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Tensions were high over a plan backed by members of Museveni's party to table a constitutional amendment scrapping age limits, which would clear the way for the 73-year-old to run for a sixth consecutive term in 2021.

Unlike in Zimbabwe where President Mugabe changes the Constitution at will, opposition MPs in Uganda have flatly refused to be flattered by President Yoweri Museveni.

This week, as lawmakers debated one of the country's most important bills, Uganda's parliament turned into an ultimate fighting ring.

Ugandans took to social media to condemn the incident, with some even calling for the disbandment of the entire parliament.

"Violent scenes & fights offend minimum broadcasting standards.@UCC_Official [UCC] is obligated by law [to] enforce these standards & protect consumers", Tumwebaze wrote.

The ruling party, National Resistance Movement, has been infamous for amending the constitution in order to prolong Museveni's term of office.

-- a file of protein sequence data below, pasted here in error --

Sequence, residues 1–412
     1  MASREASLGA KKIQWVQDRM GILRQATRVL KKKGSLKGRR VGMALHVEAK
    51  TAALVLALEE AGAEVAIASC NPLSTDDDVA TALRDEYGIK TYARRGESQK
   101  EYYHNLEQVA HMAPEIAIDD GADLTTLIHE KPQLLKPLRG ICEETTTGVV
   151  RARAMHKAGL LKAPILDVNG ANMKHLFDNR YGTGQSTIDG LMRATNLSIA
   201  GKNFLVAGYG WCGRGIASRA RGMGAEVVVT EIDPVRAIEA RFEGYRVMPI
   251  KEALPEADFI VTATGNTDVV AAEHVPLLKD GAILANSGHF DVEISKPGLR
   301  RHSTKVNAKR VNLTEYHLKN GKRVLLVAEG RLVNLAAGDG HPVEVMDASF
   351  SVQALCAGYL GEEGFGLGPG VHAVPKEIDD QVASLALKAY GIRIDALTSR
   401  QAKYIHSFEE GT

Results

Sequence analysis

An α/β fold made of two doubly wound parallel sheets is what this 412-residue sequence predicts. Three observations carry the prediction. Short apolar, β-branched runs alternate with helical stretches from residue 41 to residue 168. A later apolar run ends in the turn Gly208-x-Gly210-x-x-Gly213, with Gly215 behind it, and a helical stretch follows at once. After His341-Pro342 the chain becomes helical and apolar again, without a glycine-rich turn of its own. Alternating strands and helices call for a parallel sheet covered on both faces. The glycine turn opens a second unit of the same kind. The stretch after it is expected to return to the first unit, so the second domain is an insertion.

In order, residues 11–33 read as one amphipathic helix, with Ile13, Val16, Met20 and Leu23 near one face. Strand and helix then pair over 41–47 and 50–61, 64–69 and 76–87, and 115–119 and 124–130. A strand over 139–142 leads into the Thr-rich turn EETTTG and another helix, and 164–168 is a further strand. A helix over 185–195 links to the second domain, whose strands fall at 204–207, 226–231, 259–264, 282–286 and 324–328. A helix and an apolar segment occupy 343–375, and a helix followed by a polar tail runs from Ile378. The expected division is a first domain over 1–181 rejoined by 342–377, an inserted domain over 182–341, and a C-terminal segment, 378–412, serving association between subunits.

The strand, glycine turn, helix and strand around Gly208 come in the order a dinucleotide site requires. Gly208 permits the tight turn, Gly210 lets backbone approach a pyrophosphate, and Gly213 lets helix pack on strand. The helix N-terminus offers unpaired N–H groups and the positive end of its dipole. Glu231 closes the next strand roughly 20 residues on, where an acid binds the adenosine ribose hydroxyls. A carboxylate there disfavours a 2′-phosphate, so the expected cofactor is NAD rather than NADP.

This was the second time in five days that legislators interrupted parliament by singing the national anthem for more than 20 minutes to block the bill, despite Kadaga giving Magezi the nod to present the motion challenging the presidential age limits.

Lawmakers threw chairs, used microphone stands as makeshift weapons and brawled on top of the seats in the house.

"The military siege around parliament - it's the end of people power in Uganda, it's a full-blown military dictatorship", said Sarah Birete, program director at the Kampala-based Centre for Constitutional Governance. Obore said it was up to the electorate to judge how their MPs had behaved in the House. Three local journalists there were arrested as they covered the protests, according to Hudson Apunyo, an official in a journalists' association in the area.

A resolution was filed weeks back to allow a debate the removal of the presidential age limit now pegged at 75. They have been staging protests ever since the country country got wind of the fact that Magyezi motion was to soon be tabled in parliament.